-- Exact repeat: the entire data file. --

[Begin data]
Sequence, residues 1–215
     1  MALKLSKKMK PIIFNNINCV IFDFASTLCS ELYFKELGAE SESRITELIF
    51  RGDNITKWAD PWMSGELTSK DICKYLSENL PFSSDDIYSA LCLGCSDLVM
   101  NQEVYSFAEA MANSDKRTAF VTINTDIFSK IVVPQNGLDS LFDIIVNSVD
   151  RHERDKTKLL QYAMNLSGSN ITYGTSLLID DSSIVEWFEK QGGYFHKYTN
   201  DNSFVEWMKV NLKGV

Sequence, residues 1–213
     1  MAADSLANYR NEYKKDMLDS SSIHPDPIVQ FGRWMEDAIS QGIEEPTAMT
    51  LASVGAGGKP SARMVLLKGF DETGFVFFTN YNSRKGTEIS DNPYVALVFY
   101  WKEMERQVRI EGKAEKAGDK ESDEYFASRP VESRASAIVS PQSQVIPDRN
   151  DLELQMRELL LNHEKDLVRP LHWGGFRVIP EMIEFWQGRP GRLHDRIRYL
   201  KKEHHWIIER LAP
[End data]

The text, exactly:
Sequence, residues 1–215
     1  MALKLSKKMK PIIFNNINCV IFDFASTLCS ELYFKELGAE SESRITELIF
    51  RGDNITKWAD PWMSGELTSK DICKYLSENL PFSSDDIYSA LCLGCSDLVM
   101  NQEVYSFAEA MANSDKRTAF VTINTDIFSK IVVPQNGLDS LFDIIVNSVD
   151  RHERDKTKLL QYAMNLSGSN ITYGTSLLID DSSIVEWFEK QGGYFHKYTN
   201  DNSFVEWMKV NLKGV

Sequence, residues 1–213
     1  MAADSLANYR NEYKKDMLDS SSIHPDPIVQ FGRWMEDAIS QGIEEPTAMT
    51  LASVGAGGKP SARMVLLKGF DETGFVFFTN YNSRKGTEIS DNPYVALVFY
   101  WKEMERQVRI EGKAEKAGDK ESDEYFASRP VESRASAIVS PQSQVIPDRN
   151  DLELQMRELL LNHEKDLVRP LHWGGFRVIP EMIEFWQGRP GRLHDRIRYL
   201  KKEHHWIIER LAP